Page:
Patricia is surprised by Malcolm’s deviation from his Christmas shopping routine but doesn’t give it too much thought; thirty years with him have given her a nose for when to pry and when to let his unexpected eccentricities slide. She shoos him out of the kitchen so that she and her cook can get down to business preparing all that can be done in good time, so that on Christmas Day all she has to do is shove the turkey in the oven and reheat all the pre-prepared sides. If Malcolm isn’t going to pull his weight in the kitchen neither is she, respected physician and busy woman that she is.

Christmas Day arrives. Suspicions are beginning to be raised on Twitter by eagle-eyed fans, whether Gerard Baker may unbelievably be the Kilburn Road Killer. Could it really be? Malcolm watched the episode on his laptop in his den on the network’s playback feature in the depths of the night, brushing off a family viewing with the newly arrived Julia and her husband Pete as a waste of time when they could all catch up over champagne and that little tin of caviar he had picked up “especially for the occasion” in Fortnum’s. He was horrified to see that Arlene had instructed her editors to patch together a few scenes of him looking shifty, obviously captured when he had been darting around the set in search of his hidden, illicit (thanks to the diet Patricia has recently put him on) Terry’s Chocolate Orange. He hadn’t even noticed the cameras rolling! His character’s alibi was growing weaker by the second.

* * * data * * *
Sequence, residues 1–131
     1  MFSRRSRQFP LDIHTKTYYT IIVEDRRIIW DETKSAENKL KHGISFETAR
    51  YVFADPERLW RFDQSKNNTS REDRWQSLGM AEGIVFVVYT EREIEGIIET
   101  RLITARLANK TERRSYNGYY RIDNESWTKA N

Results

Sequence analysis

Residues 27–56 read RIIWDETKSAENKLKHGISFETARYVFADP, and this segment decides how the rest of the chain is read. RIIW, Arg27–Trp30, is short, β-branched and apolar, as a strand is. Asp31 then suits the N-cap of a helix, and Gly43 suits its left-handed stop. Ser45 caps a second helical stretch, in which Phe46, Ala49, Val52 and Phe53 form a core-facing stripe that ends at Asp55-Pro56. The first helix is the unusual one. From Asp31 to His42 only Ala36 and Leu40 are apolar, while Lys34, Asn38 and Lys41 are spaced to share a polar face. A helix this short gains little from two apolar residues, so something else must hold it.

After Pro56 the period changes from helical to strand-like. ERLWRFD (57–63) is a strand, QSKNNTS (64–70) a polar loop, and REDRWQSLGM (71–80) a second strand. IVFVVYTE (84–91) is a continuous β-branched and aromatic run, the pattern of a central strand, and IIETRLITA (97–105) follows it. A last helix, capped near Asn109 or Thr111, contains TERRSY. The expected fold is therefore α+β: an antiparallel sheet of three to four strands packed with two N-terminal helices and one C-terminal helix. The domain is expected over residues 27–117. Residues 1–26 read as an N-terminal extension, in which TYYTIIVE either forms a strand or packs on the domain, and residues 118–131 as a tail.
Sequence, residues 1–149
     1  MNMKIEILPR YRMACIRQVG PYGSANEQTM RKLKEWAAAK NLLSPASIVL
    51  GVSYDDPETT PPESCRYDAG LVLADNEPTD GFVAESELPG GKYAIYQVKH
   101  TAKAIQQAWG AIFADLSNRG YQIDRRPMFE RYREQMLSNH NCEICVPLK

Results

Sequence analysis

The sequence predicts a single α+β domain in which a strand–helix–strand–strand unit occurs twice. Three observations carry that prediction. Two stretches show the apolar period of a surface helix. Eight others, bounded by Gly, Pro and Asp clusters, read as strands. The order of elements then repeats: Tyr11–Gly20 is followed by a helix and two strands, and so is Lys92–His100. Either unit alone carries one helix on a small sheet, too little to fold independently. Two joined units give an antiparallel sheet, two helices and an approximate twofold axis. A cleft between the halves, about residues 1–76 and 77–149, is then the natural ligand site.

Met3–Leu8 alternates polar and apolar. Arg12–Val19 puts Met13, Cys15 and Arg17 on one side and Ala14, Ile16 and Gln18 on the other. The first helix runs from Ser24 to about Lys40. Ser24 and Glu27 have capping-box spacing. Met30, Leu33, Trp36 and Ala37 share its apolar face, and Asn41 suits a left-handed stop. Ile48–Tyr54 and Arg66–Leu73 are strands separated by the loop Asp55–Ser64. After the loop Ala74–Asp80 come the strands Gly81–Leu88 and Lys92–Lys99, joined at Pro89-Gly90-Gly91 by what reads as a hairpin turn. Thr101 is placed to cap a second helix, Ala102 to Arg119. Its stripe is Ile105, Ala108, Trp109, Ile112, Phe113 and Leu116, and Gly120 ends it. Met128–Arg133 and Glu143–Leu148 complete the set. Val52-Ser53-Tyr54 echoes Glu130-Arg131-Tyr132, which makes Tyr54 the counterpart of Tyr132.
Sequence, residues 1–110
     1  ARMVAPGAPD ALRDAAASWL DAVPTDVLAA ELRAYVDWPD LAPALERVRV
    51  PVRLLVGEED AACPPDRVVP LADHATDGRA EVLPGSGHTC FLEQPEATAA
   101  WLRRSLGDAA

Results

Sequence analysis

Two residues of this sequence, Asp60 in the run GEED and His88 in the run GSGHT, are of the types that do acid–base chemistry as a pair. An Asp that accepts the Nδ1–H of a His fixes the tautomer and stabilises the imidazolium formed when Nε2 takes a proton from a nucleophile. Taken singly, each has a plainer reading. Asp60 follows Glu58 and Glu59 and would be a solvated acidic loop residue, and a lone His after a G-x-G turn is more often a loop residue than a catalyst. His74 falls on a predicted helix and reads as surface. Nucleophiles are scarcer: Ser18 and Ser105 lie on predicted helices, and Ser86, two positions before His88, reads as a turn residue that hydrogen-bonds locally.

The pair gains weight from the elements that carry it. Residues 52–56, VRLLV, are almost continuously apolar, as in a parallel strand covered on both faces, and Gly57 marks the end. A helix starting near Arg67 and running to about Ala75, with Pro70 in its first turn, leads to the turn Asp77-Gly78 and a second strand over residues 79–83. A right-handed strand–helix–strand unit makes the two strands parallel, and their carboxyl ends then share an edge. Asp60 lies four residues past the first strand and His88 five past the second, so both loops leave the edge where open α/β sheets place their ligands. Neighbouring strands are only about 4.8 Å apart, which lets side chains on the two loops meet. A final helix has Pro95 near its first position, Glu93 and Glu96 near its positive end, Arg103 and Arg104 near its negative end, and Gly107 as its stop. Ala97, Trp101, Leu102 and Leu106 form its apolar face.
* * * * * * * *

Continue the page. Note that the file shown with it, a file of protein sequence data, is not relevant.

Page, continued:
After the family returns from the Christmas church service, where Malcolm makes them intentionally late and then gets them to leave early in order to avoid the usual congregational pleasantries, Pete ushers him in in to the den and utters “I know.”. “You know what Peter old chap, that the turkey is going to be dry as usual, but not quite as bad as the dehydrated roasted vegetables ha ha ha”. Pete shifts on his feet. “I know that you, I mean Gerard Baker, is a suspect in all those murders, I’ve been getting messages from my mates all yesterday evening and this morning about it. Why haven’t you told us? Why the big secret? Are you, I mean, is Gerard Barker, the Kilburn Road Killer?”. Malcolm avoids his son-in-law’s gaze and sits down on the nearest seat. “It’s Arlene, my first wife. She’s getting off on seeing me squirm. Not one of the cast knows who the killer really is but all will be revealed tonight. It would be the story of the year if it turns out to be me, that is Gerard Baker. But I don’t want it to be! I couldn’t bear to be written out in such a way, after all these years. The shame! I’ll be forced to go on I’m a Celebrity to clear my name!”